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Causes of death and demographic characteristics of victims of meteorological disasters in Korea from 1990 to 2008

Author(s): Myung Hyung-Nam | Jang Jae-Yeon

Journal: Environmental Health
ISSN 1476-069X

Volume: 10;
Issue: 1;
Start page: 82;
Date: 2011;
Original page

Keywords: climate change | disasters | flood | typhoon | death rate | vulnerability | epidemiology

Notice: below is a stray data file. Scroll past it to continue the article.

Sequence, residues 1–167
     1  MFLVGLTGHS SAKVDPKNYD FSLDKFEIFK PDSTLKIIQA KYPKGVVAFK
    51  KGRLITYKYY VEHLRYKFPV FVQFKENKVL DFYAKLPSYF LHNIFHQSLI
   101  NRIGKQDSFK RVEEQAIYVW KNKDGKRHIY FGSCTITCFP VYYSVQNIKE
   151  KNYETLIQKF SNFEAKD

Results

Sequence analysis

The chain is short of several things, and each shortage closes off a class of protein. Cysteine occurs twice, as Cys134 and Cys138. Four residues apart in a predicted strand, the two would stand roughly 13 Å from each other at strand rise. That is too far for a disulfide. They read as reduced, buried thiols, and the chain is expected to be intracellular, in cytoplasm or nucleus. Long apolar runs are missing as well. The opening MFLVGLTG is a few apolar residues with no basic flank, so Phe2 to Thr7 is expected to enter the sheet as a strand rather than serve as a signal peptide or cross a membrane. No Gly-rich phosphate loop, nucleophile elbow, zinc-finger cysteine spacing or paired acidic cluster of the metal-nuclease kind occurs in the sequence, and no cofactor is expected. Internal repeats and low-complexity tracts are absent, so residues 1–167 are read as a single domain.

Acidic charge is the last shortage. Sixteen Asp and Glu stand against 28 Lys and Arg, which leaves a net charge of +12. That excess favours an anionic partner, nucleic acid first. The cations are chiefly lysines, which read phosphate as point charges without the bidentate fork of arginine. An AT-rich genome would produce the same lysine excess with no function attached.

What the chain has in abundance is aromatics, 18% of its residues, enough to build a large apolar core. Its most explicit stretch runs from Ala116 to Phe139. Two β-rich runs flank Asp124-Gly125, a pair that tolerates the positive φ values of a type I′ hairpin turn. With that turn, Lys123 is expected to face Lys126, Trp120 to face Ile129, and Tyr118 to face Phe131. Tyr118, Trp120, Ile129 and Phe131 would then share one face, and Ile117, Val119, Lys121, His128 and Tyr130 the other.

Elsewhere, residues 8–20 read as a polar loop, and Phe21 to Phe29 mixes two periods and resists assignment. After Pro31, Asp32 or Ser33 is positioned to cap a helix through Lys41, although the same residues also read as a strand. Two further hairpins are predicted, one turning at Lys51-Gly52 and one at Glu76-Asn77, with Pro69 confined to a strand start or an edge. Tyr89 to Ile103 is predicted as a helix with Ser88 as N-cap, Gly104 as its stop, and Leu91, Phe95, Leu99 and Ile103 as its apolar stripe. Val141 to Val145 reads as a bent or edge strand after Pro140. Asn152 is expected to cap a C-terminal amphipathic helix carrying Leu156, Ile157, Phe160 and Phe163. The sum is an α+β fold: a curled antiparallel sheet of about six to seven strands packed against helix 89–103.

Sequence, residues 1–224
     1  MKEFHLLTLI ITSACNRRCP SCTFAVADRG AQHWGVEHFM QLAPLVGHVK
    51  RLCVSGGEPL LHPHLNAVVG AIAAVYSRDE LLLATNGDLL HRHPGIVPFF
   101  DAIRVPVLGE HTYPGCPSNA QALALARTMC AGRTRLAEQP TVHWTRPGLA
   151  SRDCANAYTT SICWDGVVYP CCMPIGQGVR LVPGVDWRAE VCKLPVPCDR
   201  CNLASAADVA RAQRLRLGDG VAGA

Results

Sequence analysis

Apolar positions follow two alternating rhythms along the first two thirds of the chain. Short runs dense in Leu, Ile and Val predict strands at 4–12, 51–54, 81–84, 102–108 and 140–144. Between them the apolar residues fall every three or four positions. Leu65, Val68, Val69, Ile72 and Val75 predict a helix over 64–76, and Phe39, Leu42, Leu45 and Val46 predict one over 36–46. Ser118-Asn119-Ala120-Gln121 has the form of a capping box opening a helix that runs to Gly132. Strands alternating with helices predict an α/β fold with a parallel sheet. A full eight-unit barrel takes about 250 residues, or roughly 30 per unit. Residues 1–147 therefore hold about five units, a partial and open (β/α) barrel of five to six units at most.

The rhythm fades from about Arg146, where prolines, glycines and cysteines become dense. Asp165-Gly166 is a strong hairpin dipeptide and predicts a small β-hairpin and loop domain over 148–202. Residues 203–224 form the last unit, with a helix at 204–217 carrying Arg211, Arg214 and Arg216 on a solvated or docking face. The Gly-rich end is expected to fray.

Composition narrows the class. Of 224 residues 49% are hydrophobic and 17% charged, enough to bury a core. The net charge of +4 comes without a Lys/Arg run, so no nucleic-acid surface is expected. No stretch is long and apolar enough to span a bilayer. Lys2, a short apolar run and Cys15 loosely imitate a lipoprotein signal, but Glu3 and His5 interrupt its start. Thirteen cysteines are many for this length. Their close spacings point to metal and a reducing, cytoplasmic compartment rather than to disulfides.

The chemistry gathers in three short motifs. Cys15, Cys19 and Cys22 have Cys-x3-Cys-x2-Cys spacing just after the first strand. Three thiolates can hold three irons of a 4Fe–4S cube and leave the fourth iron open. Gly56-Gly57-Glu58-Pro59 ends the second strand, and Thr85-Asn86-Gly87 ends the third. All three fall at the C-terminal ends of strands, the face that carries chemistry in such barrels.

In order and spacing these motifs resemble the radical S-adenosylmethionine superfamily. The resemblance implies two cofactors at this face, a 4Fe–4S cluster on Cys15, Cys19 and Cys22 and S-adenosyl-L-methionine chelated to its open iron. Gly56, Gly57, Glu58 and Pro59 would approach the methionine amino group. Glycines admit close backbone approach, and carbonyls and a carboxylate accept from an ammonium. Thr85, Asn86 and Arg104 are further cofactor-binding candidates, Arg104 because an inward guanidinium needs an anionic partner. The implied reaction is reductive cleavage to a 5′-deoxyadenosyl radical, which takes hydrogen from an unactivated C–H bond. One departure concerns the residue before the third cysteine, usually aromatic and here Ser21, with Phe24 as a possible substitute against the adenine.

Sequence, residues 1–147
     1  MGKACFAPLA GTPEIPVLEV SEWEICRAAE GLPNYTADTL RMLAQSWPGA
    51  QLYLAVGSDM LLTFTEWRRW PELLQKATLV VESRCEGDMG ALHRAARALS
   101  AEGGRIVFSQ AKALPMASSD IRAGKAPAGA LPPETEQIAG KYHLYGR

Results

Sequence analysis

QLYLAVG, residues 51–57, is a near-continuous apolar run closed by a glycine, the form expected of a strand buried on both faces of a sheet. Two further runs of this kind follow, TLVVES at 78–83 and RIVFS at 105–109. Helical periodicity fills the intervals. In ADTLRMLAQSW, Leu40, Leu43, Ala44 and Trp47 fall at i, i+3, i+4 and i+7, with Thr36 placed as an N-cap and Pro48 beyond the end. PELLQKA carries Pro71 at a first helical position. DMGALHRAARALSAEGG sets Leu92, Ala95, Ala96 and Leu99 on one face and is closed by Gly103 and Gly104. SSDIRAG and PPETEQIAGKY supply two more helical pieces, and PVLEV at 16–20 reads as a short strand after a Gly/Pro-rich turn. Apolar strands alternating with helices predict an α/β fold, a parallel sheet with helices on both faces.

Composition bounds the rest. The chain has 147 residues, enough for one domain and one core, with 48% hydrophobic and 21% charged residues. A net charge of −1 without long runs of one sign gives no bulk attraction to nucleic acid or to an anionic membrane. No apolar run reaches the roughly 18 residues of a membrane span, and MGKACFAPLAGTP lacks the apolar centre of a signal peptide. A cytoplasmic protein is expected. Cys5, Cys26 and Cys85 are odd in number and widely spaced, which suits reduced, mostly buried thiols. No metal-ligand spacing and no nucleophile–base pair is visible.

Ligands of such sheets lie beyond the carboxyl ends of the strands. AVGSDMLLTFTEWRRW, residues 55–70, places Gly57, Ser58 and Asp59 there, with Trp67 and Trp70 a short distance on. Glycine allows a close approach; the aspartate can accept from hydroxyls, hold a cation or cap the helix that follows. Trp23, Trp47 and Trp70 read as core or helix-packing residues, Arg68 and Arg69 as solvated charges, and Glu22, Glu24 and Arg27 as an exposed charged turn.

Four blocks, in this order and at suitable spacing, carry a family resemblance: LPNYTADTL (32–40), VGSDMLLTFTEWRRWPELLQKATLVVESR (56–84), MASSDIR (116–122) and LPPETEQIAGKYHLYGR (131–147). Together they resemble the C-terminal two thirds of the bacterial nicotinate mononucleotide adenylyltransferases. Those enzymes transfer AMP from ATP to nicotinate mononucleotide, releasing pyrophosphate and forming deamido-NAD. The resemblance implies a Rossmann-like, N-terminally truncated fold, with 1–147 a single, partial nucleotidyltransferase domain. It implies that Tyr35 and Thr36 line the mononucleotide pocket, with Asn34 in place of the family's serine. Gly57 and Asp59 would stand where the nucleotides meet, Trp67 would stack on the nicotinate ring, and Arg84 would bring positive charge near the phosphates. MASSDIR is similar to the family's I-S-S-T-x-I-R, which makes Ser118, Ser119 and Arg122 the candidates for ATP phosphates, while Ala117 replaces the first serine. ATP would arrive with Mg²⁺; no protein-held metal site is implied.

Abstract Background Meteorological disasters are an important component when considering climate change issues that impact morbidity and mortality rates. However, there are few epidemiological studies assessing the causes and characteristics of deaths from meteorological disasters. The present study aimed to analyze the causes of death associated with meteorological disasters in Korea, as well as demographic and geographic vulnerabilities and their changing trends, to establish effective measures for the adaptation to meteorological disasters. Methods Deaths associated with meteorological disasters were examined from 2,045 cases in Victim Survey Reports prepared by 16 local governments from 1990 to 2008. Specific causes of death were categorized as drowning, structural collapse, electrocution, lightning, fall, collision, landslide, avalanche, deterioration of disease by disaster, and others. Death rates were analyzed according to the meteorological type, specific causes of death, and demographic and geographic characteristics. Results Drowning (60.3%) caused the greatest number of deaths in total, followed by landslide (19.7%) and structural collapse (10.1%). However, the causes of deaths differed between disaster types. The meteorological disaster associated with the greatest number of deaths has changed from flood to typhoon. Factors that raised vulnerability included living in coastal provinces (11.3 times higher than inland metropolitan), male gender (1.9 times higher than female), and older age. Conclusions Epidemiological analyses of the causes of death and vulnerability associated with meteorological disasters can provide the necessary information for establishing future adaptation measures against climate change. A more comprehensive system for assessing disaster epidemiology needs to be established.

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